Meccano Club Bookings Book.

Meccano Club Bookings Book. February-March 1995. Featuring acts including Tracy Brothers, Al Murray, Nick Wilty and Dylan Moran. (c) Monika Bobinska

7. One strength of the BSUCA collections is the number of unique, unedited interviews with comedians, recorded for purposes including academic research and publication (Oliver Double Collection), and radio broadcast (John Pidgeon Collection, Andrew Sherlock Radio Collection).

Interviews with comedians on DATs (Digital Audio Tapes) from the John Pidgeon Collection

Interviews with comedians on DATs (Digital Audio Tapes) from the John Pidgeon Collection

8. We’ve had some incredible events this year, with performers such as Mark Thomas, Attila the Stockbroker, Richard Herring, Stewart Lee, and Phill Jupitus (at the University of Kent), and Jo Brand, Susan Calman, and Stephen K. Amos (at the Edinburgh Festival Fringe). These events were all recorded and can be accessed in our reading room at the Templeman Library, University of Kent.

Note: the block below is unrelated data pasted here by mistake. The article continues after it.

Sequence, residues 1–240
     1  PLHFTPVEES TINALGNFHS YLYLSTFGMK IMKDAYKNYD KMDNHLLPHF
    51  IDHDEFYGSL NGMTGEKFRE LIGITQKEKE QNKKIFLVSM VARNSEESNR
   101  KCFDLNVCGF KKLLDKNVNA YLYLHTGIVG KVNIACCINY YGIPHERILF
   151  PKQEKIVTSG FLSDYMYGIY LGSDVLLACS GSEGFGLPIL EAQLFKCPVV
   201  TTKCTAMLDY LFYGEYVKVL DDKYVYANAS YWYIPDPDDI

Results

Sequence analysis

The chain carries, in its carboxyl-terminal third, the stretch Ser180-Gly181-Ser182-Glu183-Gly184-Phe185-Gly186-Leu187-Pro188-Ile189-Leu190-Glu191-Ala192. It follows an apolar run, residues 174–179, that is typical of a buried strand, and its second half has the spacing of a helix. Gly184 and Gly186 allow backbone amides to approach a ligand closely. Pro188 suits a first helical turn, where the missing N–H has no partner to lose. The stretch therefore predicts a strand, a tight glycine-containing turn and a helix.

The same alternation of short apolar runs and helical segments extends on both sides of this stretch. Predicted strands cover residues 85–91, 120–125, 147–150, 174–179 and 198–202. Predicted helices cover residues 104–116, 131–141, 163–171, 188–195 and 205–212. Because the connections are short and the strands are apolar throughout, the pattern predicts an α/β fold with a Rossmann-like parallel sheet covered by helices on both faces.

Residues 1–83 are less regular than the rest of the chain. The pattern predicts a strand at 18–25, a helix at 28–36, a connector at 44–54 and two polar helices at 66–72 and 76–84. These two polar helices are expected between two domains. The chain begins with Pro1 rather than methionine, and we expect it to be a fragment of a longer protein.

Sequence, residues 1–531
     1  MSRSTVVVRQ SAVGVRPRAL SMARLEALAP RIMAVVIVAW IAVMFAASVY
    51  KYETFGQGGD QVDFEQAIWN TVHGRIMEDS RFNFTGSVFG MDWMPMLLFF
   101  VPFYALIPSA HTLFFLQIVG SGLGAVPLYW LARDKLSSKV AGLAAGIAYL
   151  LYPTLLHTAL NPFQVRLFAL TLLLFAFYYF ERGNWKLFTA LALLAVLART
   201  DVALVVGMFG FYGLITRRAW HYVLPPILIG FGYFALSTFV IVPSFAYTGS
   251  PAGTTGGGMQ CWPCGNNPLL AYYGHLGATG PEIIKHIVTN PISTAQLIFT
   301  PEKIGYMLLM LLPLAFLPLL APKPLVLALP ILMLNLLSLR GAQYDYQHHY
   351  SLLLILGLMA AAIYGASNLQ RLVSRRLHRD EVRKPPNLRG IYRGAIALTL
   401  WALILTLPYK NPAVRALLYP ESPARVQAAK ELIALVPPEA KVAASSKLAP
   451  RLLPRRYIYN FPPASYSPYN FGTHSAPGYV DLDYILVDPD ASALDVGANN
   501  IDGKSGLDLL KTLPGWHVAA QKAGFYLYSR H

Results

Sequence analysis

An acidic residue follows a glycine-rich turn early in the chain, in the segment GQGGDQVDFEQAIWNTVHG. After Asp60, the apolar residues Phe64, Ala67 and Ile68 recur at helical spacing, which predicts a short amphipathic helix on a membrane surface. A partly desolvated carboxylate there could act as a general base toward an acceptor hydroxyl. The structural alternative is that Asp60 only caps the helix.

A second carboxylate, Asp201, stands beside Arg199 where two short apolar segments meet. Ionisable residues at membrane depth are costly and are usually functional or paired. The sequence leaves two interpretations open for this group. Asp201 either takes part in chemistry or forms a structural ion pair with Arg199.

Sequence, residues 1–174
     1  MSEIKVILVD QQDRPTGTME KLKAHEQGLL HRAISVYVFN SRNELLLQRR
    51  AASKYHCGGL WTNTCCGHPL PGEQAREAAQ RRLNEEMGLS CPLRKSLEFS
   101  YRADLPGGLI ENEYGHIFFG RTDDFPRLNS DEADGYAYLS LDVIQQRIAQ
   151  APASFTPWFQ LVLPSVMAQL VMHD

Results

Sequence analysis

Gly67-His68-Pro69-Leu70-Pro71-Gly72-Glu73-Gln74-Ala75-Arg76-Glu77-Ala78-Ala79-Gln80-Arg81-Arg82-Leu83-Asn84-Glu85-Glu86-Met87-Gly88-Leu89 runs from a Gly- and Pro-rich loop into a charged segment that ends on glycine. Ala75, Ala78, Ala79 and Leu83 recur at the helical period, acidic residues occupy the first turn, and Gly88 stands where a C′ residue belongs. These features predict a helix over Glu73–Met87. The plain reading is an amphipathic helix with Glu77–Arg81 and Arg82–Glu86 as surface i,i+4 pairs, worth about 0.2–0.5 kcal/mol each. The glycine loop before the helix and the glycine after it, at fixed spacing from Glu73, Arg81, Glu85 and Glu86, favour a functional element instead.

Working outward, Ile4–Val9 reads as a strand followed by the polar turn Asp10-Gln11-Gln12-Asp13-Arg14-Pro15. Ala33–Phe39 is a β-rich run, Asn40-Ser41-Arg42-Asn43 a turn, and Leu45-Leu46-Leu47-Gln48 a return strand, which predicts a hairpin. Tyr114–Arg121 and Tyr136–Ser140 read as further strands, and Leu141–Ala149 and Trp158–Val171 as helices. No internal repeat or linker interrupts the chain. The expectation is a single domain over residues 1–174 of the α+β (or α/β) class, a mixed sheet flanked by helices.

Phill Jupitus talking about a Red Wedge Comedy leaflet which cartooned for (as Porky the Poet). Photo Matt Wilson

Phill Jupitus talking about a Red Wedge Comedy leaflet which cartooned for (as Porky the Poet) during an in-conversation event with Oliver Double in September 2015. Photo Matt Wilson

 

9. We are holding a joint conference with the British Cartoon Archive ‘Comedy On Stage and Page: satirical cartoons and stand-up‘ (14-15th January 2016), which will explore issues including the relationship between the audience and the comedian, writing shows, the comedy industry, censorship, and women in comedy, and also highlight the Stand-Up Comedy Archive collections.